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File photo

India, Pakistan to adopt more liberal visa regime

India, Pakistan to adopt more liberal visa regime

New Delhi: India and Pakistan are poised to adopt a more liberal visa regime with particular focus on the business community, adding to recent attempts by both countries to reduce the decades-long trust deficit between them.

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The move is significant since it will enable more people-to-people contact between the neighbours, which have fought three wars against each other since partition and independence in 1947. It will also spur ongoing efforts to reduce tensions in South Asia at a time when the region is witnessing unprecedented growth.

The move also builds on the momentum generated by Pakistan’s decision to give India the most-favoured nation (MFN) status, 15 years after India had granted this special trade facility to its neighbour.

Privileges for businesses

According to the proposed norms, businesses with a turnover exceeding 50 lakh Pakistani rupees will be classified as a large enterprise.

“They (those who work for such businesses) no longer have to go to a police station after arriving in a city," said a high-ranking Indian government official on condition of anonymity as he’s not authorized to talk to the media. They will also be able to stay longer and be entitled to more entries than those who belong to smaller businesses.

Small businessmen visiting India currently don’t have to make personal visits to the local police station, but these need to be made instead by local associates or the organization that has invited the person to the country, the official said. This requirement will be scrapped under the draft norms.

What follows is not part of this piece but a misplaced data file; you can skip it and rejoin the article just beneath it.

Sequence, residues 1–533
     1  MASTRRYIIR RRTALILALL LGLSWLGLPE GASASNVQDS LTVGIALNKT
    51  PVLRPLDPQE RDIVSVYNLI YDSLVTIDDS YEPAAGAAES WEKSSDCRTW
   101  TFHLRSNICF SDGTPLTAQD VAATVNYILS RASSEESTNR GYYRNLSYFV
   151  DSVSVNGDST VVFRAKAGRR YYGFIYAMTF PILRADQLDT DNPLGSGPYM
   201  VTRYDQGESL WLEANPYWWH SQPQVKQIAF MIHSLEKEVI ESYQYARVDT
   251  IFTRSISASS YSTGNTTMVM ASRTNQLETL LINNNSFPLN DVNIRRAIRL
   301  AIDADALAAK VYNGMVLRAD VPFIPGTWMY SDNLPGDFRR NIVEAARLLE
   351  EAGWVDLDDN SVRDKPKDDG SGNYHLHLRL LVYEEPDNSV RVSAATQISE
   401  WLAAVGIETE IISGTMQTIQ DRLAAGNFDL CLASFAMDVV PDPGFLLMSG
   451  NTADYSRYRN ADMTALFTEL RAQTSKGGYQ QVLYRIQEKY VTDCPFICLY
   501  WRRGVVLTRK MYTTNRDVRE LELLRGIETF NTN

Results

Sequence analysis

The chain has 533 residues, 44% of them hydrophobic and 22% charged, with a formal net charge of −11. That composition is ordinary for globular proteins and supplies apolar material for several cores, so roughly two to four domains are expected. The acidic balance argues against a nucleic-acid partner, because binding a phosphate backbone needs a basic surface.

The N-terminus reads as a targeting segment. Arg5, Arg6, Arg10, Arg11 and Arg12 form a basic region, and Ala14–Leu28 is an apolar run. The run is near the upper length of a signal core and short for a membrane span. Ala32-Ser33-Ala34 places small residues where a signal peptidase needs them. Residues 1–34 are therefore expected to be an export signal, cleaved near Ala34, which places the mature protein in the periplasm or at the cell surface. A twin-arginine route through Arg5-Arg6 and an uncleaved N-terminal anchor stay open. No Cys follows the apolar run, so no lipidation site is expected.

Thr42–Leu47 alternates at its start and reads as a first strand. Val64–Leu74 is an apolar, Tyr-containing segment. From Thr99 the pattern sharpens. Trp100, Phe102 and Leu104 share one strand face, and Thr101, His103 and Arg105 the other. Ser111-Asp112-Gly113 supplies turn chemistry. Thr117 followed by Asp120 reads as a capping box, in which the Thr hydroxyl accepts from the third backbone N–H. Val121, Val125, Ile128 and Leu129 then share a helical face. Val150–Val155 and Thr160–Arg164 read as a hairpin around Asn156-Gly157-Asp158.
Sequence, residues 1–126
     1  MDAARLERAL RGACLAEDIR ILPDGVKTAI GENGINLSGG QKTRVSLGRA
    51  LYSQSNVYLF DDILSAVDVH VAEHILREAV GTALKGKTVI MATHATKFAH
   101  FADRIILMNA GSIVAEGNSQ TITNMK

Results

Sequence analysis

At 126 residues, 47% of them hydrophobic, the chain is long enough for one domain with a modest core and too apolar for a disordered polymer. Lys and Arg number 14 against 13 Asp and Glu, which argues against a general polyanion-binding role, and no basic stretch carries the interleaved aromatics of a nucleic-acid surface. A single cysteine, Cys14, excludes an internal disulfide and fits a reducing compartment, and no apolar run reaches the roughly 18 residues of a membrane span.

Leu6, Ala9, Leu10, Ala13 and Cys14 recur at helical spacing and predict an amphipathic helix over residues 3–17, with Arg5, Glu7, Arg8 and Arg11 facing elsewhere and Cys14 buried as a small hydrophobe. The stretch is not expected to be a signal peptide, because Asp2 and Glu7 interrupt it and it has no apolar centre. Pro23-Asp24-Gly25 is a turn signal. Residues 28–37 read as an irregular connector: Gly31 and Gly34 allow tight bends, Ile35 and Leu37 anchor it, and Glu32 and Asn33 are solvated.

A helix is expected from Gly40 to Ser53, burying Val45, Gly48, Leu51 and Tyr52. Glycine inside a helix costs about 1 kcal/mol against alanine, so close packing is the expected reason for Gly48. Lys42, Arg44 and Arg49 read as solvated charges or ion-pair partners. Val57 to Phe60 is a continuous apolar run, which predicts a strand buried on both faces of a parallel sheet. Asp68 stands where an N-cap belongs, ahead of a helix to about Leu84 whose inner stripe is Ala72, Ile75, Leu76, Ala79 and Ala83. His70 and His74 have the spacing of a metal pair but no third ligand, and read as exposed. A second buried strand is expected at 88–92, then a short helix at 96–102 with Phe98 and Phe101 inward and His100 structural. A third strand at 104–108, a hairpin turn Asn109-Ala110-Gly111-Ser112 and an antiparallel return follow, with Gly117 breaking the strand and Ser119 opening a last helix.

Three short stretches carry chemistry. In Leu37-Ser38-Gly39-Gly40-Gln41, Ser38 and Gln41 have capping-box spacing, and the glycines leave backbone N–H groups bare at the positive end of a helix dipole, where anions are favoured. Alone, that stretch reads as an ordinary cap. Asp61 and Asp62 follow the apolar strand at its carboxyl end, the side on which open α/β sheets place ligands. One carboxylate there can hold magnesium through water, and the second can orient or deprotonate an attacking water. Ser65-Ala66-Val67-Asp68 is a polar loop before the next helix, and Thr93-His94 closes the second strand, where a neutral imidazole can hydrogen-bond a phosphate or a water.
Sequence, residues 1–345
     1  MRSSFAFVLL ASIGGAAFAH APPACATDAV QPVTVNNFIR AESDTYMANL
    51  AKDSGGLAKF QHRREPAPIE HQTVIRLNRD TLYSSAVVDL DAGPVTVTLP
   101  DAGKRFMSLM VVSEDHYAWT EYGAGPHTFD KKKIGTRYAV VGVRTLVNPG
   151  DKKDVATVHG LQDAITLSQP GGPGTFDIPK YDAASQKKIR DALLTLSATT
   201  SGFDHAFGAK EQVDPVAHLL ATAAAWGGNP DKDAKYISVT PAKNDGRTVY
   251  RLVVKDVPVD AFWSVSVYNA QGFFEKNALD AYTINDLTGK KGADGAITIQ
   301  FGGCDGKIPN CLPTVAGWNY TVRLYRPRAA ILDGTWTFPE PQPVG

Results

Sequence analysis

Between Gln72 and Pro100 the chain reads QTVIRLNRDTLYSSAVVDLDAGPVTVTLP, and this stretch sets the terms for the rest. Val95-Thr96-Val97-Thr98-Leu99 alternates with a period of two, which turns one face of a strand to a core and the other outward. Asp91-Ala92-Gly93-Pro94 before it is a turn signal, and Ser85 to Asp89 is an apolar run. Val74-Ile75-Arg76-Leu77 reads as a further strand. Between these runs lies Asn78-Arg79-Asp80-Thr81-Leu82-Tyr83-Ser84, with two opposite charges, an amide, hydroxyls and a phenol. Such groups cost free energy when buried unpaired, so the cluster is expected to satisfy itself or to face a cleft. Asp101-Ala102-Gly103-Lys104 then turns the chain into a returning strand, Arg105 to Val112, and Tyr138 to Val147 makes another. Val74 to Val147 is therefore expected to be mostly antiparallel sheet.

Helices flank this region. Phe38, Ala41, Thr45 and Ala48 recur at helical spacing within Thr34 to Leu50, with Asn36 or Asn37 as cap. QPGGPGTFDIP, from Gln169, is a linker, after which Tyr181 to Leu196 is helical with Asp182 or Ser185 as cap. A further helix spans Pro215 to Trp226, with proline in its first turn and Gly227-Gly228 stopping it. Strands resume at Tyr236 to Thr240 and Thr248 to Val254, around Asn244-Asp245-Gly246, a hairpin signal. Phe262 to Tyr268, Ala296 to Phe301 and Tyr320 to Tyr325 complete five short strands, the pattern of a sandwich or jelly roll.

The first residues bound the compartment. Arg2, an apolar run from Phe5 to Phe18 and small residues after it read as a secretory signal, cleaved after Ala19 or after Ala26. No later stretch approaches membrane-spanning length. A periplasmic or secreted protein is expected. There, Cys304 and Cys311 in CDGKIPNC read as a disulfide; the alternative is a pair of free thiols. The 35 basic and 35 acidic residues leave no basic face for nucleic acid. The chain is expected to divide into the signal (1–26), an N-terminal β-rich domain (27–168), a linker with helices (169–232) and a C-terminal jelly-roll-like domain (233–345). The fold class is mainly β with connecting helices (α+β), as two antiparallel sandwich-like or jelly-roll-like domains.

Non-business visitors from either country will still need to report to the local police station. Around 50,000 Pakistanis and 40,000 Indians cross the border every year.

The proposed rules will enable businesses in both countries to take greater advantage of the MFN status granted to India earlier this month. India granted MFN status to Pakistan in 1996.

Trade between the neighbours was $2.6 billion (around 13,160 crore today) in the year ended March and is projected to grow nearly threefold in the next five years. While India principally buys cement from Pakistan, the latter’s focus is on tea, chillies, soya and potatoes.

All travellers will need to inform the destination country about their itinerary in advance.

“The biggest advantage for them is that they can now travel to up to five cities," said the official cited above. “Earlier, people were given visas for only three cities."

India had initiated the move to liberalize visa norms at a meeting in New Delhi between home ministry officials of both countries on 29 March. A joint working group met in New Delhi and Islamabad to reach a consensus on the draft visa norms.

After both nations give their formal assent, the agreement is likely to be signed at a meeting between the home secretaries in Islamabad in December.

Tourism boost

A second official, who also did not want to be named, said both countries have decided to encourage group tourism.

“People travelling in groups would be encouraged. Both sides will identify tour operators and nominate them. The onus of security and other issues would then rest on these tour operators," the official said.

Entry and exit points as well as the mode of travel norms will also be relaxed for all travellers. For instance, someone who flies into Delhi can choose to leave from Amritsar by bus.

“People would be able to exit from another city, if they intimate this while applying for the visa," the official said. Currently, travellers need to leave the same way they came.

India rejected a proposal by Pakistan to limit the number of pilgrimage visas.

“Pakistan wanted the same number of pilgrimage visas (to be) given by both countries, but India shot it down saying its population is many times that of Pakistan. So India would require more visas for its pilgrims," the official said.